Looking at the Autobiography of a Yogi of Yogananda’s time, one gets the impression that SRF was intended to also run a World Brotherhood Colony. Yogananda writes in the 3rd edition, 1951, published a few months before his passing:
“Happy years sped by, filled with intense activities. A Self-Realization-Fellowship (SRF) World-Brotherhood Colony, envisioned in 1937 and firmly established by 1947, serves as a model for smaller SRF colonies. The buildings on the thirty-acre tract in Encinitas include several hermitages, a gift shop, a café, and a hotel for the accommodation of SRF members and the public. The beautiful grounds contain a lotus pool and a large swimming pool. A series of white pillars facing the highway are adorned with golden lotuses.
Colony activities include the many-sided training of disciples in accordance with SRF ideals, and the development of an extensive agricultural project that provides fresh vegetables for SRF residents at the Encinitas and Los Angeles centers.
“He hath made of one blood all nations of men!” An urgent need on this war-torn earth is the founding, on spiritual basis, of numerous world-brotherhood colonies.”
Encinitas was, for Yogananda, in part a World Brotherhood Colony. So was Mt. Washington: in his printed Lake Shrine dedication talk Yogananda stated that “we have started trial colonies at Encinitas and at Mt. Washington in Los Angeles, and we have some colonies in India too. Ours is not a church in the ordinary sense.”
Monastics and non-monastics lived in these places. And Encinitas, we read, was supposed to serve as a model for other SRF colonies.
Yogananda’s Lake Shrine dedication talk (1950) is recorded, and in it he says: “I am not starting churches and other new cults. I don’t believe in it!” And, “The greatest thing in the church movement is the building of colonies!” If that was his conviction, wouldn’t he have wanted his organization to run them?
Maybe, but maybe not. True, he included the Colonies as part of his SRF Aims and Ideals, which were printed in that form until 1958. Still, could it be that Yogananda changed his mind for a specific reason? Was SRF not meant to build colonies after all?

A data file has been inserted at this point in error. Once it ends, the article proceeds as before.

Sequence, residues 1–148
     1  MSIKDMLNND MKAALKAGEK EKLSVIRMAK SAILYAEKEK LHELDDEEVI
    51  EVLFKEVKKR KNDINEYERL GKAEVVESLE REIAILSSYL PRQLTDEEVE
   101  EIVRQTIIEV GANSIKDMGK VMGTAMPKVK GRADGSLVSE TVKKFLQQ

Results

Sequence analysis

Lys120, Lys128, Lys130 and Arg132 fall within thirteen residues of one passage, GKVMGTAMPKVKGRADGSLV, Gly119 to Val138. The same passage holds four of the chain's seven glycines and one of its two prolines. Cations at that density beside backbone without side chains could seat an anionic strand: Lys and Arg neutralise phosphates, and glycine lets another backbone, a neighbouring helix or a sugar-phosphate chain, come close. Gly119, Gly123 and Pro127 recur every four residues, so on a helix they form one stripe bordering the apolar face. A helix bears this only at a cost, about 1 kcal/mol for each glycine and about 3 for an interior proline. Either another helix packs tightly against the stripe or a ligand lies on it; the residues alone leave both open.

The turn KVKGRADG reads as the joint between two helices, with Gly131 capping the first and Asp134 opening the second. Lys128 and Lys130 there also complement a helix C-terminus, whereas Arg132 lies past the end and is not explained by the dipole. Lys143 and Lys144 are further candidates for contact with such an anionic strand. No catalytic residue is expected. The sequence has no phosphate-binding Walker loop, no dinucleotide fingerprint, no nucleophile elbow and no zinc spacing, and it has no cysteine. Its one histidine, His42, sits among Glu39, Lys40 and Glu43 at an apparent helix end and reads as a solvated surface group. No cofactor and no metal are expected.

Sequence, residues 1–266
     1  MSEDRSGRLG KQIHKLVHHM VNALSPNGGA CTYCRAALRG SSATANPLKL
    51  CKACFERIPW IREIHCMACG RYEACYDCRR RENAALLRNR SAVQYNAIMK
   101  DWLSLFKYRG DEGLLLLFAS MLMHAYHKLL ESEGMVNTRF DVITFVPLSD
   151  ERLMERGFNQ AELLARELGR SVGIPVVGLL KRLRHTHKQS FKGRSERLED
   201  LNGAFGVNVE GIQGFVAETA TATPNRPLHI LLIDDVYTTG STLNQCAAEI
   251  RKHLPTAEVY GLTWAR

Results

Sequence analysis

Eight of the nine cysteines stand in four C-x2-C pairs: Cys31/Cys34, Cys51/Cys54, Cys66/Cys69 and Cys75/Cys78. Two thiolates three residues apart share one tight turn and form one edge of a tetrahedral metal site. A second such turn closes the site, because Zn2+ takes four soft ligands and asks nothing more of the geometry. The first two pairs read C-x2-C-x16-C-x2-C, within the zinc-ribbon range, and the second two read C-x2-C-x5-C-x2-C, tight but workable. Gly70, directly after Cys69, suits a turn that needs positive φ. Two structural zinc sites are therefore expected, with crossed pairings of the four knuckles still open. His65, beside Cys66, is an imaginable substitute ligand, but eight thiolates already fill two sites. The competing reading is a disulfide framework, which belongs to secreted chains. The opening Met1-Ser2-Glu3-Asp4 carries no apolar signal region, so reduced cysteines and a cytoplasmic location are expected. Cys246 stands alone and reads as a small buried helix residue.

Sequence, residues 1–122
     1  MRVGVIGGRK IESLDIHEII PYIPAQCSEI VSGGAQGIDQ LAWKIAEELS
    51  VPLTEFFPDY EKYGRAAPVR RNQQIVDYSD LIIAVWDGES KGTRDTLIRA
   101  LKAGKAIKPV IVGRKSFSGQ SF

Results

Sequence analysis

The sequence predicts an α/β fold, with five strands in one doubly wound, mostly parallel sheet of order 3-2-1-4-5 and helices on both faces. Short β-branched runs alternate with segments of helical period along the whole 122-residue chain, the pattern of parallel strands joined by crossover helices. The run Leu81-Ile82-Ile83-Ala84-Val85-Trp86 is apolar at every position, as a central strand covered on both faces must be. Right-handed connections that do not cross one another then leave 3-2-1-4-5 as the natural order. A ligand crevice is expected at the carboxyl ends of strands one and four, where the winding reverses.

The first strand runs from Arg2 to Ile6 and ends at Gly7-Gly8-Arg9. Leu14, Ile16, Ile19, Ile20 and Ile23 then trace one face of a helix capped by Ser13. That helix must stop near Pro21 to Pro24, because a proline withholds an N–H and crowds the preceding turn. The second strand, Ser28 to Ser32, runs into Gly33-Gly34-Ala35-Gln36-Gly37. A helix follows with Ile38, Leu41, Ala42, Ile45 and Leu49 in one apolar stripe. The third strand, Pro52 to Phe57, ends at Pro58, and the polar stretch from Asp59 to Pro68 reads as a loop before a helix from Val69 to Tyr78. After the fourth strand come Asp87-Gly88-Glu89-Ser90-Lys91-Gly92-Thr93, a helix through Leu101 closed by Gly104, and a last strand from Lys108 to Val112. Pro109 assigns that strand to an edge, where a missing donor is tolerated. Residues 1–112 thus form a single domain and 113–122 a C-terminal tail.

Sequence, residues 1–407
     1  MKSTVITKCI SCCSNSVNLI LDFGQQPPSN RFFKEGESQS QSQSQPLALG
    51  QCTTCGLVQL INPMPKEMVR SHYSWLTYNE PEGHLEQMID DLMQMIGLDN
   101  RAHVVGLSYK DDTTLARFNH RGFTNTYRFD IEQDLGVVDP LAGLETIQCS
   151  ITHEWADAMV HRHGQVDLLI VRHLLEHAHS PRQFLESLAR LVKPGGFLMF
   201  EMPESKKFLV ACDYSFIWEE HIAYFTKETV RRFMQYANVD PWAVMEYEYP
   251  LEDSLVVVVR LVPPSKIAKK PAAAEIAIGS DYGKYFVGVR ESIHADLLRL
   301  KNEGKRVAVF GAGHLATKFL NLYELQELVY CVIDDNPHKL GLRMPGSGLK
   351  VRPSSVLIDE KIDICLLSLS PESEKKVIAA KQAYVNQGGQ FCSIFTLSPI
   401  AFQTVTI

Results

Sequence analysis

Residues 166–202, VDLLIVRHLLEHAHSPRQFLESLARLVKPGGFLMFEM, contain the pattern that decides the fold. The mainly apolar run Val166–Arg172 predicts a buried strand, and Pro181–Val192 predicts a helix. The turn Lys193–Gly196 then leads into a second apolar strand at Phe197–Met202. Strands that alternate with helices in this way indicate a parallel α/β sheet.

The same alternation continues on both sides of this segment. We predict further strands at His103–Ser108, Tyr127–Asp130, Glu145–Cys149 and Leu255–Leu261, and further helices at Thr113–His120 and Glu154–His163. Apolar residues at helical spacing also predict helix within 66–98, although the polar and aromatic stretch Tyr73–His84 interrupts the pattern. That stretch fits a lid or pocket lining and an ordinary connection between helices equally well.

Indeed in 1955 Yogananda appeared to Daya Mata (see chapter 3), inspiring her to develop SRF along monastic lines. The colony idea was abandoned, and she admitted that she “was not interested.” Her heart was completely monastic. Could she have built and nourished colonies? On the other hand Yogananda told Kriyananda repeatedly, and so did Rajarsi in 1954, that “you have a great work to do,” which Kriyananda understood to be the building of colonies. Kriyananda had vowed to do so already during Yogananda’s lifetime, when he heard his Guru talk with intense power about the need for them (as reported in the SRF magazine). In this way two separate works began to flourish, not always without difficulties.
Here’s a little historical question to ponder:
In religion, we seem to observe a particular phenomenon: often when a great Master leaves the world his following splits, reflecting the law of duality. One side represents the lunar ray – orthodox, protective, and conservative. The other side represents the solar ray – expansive, creative, and less conventional. In Christianity, St. Peter taught that Christ’s teaching should be restricted to the Jews. St. Paul disagreed, and spread it creatively everywhere, and non-Jews could freely become Christians. In Islam we have the very conservative Shiites (majority in Iran and Iraq), and the less conservative Sunnites (though traditional and mainstream, they incorporated various customs and usages which arose historically, but which have no roots in the Koran). The Jews too have a strong orthodox and liberal division. In Buddhism we see the more conservative Hinayana branch, and the more liberal and expansive Mahayana branch.
Question: As history unfolds and develops, will we also see in Yogananda’s case this natural dual development? And is his wise hand behind it all?